Just as the justice system of the United States is intended to protect those who abide by it, so too is God’s law and justice meant to protect those who are found in Christ; onto whom mercy and justice are imparted daily.
Rarely do we associate mercy and justice, though they are impeccably inseparable. If grace and mercy are sisters, then justice is their big brother (political pun intended 🙂 ).
According to the Bible, true justice would require death as payment for our sins, “for the wages of sin is death…” (Romans 6:23, NIV). Justice according to a holy God is the complete eradication of all sin. Why? Because His “eyes are too pure to look on evil; he cannot tolerate wrongdoing” (Habakkuk 1:13, NIV).
This leaves us asking the same question as Habakkuk – “Why then do you tolerate the treacherous” (Habakkuk 1:13, NIV)?
Why is evil so rampant? Around us and in us? We know the wickedness of our own hearts and we know what the cost of our sin is. So why mercy? Why not fire and brimstone?
instead of and justice
“Your compassion, Lord, is great; preserve my life according to your laws” (Psalm 119:156, NIV).
Justice is getting what you deserve while mercy is not getting what you deserve. It’s not that justice was set aside so that we could receive mercy, for that would tarnish the perfect and holy character of God. And we know by the fact that our hearts are beating that we have indeed received mercy. So what’s the deal?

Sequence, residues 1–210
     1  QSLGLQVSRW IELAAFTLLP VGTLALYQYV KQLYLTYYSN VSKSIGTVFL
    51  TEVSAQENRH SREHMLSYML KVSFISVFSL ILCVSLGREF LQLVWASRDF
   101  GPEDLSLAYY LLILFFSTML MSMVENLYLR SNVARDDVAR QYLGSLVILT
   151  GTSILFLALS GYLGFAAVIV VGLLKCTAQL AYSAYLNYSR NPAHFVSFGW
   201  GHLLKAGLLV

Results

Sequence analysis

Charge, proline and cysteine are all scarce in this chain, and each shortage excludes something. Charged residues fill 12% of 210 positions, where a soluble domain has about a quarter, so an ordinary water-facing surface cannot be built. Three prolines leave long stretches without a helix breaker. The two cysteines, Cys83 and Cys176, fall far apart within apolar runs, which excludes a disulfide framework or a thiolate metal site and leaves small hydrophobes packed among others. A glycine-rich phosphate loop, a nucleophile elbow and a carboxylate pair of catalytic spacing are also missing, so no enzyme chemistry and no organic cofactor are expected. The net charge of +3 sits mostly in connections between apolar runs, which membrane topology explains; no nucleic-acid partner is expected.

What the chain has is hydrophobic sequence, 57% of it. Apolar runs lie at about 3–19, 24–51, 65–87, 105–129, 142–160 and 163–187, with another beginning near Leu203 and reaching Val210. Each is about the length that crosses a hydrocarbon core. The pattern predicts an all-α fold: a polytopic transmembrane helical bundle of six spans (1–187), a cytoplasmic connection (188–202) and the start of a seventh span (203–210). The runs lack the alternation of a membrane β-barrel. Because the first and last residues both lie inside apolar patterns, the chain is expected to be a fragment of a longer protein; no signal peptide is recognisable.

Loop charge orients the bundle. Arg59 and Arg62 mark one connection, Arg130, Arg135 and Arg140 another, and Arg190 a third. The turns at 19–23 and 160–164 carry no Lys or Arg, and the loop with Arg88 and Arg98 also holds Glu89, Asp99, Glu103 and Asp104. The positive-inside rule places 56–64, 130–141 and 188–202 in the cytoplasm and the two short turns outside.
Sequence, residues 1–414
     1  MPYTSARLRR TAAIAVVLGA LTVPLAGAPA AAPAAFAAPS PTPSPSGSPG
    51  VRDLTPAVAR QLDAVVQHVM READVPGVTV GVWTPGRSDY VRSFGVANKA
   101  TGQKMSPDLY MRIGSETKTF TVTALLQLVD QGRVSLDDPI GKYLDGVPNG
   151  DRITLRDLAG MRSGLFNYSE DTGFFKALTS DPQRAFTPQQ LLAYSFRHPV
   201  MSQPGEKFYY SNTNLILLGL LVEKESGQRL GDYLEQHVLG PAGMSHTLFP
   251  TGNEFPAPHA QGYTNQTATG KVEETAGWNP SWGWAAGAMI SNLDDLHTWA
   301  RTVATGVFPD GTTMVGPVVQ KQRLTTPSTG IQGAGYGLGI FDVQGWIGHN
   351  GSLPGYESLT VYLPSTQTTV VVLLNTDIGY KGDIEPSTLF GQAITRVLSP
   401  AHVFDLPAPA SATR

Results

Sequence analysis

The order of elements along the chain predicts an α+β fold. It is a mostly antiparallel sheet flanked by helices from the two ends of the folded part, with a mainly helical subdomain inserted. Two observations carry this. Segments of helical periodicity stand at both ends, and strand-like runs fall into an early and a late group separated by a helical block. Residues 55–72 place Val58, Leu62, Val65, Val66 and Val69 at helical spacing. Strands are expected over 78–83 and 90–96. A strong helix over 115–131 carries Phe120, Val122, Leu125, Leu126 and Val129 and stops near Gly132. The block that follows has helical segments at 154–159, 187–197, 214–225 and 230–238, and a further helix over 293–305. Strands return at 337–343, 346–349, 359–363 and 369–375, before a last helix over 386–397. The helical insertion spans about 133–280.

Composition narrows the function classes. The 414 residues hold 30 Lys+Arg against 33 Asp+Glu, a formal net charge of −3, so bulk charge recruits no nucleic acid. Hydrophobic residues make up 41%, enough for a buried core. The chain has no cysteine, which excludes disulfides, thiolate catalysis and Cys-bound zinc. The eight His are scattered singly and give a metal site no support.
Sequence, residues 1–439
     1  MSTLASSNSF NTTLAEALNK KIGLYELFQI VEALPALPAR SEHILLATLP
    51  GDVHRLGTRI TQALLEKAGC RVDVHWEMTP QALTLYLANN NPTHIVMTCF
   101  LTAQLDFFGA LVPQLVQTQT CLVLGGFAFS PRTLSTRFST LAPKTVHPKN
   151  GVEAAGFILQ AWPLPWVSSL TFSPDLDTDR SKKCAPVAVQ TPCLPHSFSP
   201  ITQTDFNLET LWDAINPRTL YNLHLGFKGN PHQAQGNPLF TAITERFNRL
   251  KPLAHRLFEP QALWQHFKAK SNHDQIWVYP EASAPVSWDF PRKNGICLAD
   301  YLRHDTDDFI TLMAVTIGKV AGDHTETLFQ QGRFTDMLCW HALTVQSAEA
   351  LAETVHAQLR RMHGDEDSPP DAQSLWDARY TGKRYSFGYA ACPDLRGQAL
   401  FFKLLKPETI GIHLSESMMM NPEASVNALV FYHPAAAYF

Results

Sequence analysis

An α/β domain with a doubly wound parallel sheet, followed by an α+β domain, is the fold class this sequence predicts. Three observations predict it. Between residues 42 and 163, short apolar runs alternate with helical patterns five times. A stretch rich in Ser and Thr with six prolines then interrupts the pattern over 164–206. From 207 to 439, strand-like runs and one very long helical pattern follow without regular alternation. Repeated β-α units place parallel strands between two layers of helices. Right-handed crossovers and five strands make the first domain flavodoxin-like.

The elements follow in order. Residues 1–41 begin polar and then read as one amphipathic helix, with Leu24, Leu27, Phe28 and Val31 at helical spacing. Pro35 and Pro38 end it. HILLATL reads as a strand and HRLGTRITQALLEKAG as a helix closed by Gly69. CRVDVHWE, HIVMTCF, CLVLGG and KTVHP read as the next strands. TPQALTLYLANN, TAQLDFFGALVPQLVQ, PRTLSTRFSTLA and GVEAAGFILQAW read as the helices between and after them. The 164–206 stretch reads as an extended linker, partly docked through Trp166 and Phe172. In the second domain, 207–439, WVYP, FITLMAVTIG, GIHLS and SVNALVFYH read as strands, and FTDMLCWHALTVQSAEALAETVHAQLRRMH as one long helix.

According to God’s law, death is the just punishment for sin. As believers, we know that there was one Death that bore the weight of all sin; the death of Jesus Christ (1 Peter 2:24, NIV).
Without the just punishment for sin that Christ bore on our behalf we would rightly be held accountable for our sins. However, because Jesus received with perfect humility the just punishment for our sin, mercy extended on a daily basis is now an act of perfect justice.
In being flawlessly just, God righteously extends mercy towards us rather than justice not in an act of disregarding the need for justice, but rather in an act of remembering that justice was served wholly and completely on the cross.